A huge misconception about meditation is that it only works for people who already can meditate well. Another one is that it takes ages for one to learn to meditate properly. That is not true—it simply takes a commitment to doing it. You might find meditating difficult right at the start, but even then, you’ll start appreciating its benefits as long as you put your heart into practising it.

Try apps like Calm or Headspace, or just search through meditation music on Spotify, plug in your headphones and get started. 


3. Get a workout

When we feel pent up with anxiety and emotions, one easy thing you can do to feel better quickly is to get active. Commit to a regular exercise routine, which not only calms the mind but also increases your mental and physical well-being. Get off the worry couch, do some jumping jacks, go out for a walk, or simply stretch it out. 

This week, I found that just 10 minutes of skipping with a jump rope on my balcony did wonders for my mood and body after a long day of work, being seated at my desk throughout. 

(Related: How to Make Resolutions That You Can Actually Keep)


4. Start a gratitude journal

I am a firm believer in the idea that no matter how grey a situation is, there must be things we can give thanks for. When you feel low, write down what you are grateful for. It pivots your mind and helps you see beyond your troubles.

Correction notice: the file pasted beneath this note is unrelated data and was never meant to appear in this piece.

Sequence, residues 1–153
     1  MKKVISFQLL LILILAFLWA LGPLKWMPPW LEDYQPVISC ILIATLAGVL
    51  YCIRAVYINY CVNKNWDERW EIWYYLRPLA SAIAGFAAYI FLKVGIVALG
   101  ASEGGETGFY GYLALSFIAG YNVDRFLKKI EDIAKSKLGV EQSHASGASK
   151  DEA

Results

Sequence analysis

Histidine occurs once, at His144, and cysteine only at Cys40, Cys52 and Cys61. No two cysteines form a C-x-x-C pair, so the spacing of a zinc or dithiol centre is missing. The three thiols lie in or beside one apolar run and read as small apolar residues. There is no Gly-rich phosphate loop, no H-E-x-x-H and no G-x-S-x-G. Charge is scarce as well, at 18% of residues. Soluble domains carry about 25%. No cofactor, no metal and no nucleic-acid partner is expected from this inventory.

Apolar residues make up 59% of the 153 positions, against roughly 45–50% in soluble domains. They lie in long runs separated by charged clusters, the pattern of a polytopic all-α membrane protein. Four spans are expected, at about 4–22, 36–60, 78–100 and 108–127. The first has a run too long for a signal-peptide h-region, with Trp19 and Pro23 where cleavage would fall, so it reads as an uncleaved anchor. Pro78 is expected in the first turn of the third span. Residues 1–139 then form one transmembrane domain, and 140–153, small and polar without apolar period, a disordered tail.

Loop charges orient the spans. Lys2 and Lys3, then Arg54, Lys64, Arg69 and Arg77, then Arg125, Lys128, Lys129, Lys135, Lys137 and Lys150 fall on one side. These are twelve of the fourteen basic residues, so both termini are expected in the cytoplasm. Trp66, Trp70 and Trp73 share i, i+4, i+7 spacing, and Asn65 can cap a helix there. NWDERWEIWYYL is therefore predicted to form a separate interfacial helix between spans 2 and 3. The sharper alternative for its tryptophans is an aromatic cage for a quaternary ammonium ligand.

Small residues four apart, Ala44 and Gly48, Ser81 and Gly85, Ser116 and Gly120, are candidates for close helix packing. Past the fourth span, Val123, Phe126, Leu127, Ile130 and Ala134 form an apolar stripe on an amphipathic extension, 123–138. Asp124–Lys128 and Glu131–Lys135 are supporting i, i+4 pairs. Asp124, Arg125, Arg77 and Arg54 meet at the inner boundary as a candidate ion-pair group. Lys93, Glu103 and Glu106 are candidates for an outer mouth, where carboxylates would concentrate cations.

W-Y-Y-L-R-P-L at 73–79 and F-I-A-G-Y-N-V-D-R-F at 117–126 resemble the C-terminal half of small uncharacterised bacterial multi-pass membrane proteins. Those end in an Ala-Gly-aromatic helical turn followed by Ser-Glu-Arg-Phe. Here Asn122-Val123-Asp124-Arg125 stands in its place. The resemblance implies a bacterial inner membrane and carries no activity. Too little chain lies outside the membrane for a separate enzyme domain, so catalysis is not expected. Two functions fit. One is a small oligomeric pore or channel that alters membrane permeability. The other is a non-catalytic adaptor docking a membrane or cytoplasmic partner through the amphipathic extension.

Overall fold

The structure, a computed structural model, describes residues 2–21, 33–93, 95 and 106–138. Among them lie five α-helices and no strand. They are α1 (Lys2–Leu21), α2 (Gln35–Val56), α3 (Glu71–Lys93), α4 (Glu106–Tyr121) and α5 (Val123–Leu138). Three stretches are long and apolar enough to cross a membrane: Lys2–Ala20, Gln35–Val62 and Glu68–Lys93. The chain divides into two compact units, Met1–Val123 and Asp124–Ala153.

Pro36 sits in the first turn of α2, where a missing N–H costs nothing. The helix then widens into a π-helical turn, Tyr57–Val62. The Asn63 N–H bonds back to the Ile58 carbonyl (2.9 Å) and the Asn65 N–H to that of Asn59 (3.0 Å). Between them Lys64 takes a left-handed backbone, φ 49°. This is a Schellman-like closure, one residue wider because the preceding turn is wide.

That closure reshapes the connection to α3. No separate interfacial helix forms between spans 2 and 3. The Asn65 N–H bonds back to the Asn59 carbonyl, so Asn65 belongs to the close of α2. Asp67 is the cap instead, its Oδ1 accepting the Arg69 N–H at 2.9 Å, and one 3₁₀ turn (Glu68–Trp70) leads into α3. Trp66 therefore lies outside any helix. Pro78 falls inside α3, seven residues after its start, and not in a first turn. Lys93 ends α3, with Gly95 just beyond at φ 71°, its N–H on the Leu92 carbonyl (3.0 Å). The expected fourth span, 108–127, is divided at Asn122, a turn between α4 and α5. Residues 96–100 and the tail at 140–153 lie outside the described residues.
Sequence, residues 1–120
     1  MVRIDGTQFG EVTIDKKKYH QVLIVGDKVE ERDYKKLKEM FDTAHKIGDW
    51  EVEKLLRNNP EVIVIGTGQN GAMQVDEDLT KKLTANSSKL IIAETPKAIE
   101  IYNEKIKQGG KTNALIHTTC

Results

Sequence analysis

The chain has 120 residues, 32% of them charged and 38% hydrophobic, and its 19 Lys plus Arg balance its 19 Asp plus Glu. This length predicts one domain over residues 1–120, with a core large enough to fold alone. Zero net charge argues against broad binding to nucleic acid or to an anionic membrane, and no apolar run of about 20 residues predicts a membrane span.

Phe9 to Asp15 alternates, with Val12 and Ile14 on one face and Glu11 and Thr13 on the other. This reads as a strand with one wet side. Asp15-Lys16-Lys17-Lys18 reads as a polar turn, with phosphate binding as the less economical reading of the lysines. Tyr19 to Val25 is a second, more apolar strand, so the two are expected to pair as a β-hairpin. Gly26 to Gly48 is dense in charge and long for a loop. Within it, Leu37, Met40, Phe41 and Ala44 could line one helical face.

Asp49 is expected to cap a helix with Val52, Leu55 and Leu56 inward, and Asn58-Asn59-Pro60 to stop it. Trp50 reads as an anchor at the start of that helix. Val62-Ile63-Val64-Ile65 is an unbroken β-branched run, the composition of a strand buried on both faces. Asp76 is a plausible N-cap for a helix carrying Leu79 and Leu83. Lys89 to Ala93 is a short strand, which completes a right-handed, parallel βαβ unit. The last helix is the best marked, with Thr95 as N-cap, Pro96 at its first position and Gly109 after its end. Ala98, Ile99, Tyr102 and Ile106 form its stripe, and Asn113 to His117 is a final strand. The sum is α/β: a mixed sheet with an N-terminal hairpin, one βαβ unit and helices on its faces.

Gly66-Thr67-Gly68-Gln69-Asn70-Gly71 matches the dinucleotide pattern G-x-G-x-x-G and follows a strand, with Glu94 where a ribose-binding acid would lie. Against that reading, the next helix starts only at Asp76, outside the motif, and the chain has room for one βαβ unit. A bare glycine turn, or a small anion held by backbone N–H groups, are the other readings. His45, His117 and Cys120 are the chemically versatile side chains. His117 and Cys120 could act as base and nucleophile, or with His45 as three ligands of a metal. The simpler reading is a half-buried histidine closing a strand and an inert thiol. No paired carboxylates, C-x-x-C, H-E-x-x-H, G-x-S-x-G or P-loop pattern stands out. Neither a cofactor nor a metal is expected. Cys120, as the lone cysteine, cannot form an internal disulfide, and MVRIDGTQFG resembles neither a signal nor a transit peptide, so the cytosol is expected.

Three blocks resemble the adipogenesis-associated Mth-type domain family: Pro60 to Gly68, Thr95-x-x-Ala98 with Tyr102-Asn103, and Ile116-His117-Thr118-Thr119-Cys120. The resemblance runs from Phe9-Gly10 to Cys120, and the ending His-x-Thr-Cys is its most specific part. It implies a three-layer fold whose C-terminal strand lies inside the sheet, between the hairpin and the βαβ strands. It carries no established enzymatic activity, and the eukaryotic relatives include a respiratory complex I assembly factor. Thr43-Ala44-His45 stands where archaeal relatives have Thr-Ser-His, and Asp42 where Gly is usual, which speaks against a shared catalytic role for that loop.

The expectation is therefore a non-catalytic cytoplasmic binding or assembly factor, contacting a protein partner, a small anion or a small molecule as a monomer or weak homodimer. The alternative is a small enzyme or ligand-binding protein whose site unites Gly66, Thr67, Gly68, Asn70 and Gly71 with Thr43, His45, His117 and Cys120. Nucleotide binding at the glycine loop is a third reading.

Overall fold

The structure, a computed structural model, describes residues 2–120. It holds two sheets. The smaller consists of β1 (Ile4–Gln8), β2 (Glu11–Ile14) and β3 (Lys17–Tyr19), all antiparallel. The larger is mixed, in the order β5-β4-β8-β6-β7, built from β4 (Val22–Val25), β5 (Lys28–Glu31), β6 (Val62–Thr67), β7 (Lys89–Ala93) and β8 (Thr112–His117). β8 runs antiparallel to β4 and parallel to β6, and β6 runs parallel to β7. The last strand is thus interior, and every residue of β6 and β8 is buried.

As I put my daughter Lara to bed (on the day I learned that my parents can’t fly into Singapore), she looked at me and said she was grateful that she had her mama near her, even though I couldn’t have mine. It melted the ball of stress deep inside of me, and I gave thanks that at least my parents are healthy right now. Share your gratitude with a friend, partner or child, and see the ripple effect. 


5. Reach out to someone

Sometimes, during a storm, we feel like we are the only person without an umbrella. But that simply isn’t the case. Everyone is fighting some battle of their own—it’s just that they do not always show it. Reach out. Call a friend. Go for lunch. Sing with your kids. Watch something funny on TV. We need human connections, small moments where we can express ourselves, feel love, receive hugs, laugh and just get a mood boost. 

Last night, my husband and I felt exhausted, so we lay in bed, switched on Netflix and watched an episode of Friends. It was simple and light-hearted—we laughed and felt good. Today, in the car, my kids were making up songs and laughing hysterically at each other, and I caught myself smiling at them. We need others around us and we need to be conscious in those moments being around others. 

I told my kids that we need to be together, celebrate life and appreciate each other. We have bowling and pizza planned for this weekend, and planning activities such as these is keeping me going. These little things may be ordinary but they are what’s filling my happy cup right now and keeping my head above water. 

(Related: Re:Qi Retreat: How This Wellness Retreat in Singapore Can Help You Achieve Mindfulness)

Shireena Shroff Manchharam is a certified life and happiness coach with her own practice, Sheens Image Consulting. Her passion is in helping individuals reach their highest potential and she is always on a mission to bring happiness to people’s lives. Her husband and two kids—Lara and Arian—and her pet dog, Bowen, are her constant source of love and happiness. 

This is the fourth in a series by Shireena Shroff Manchharam on mindfulness and gratitude.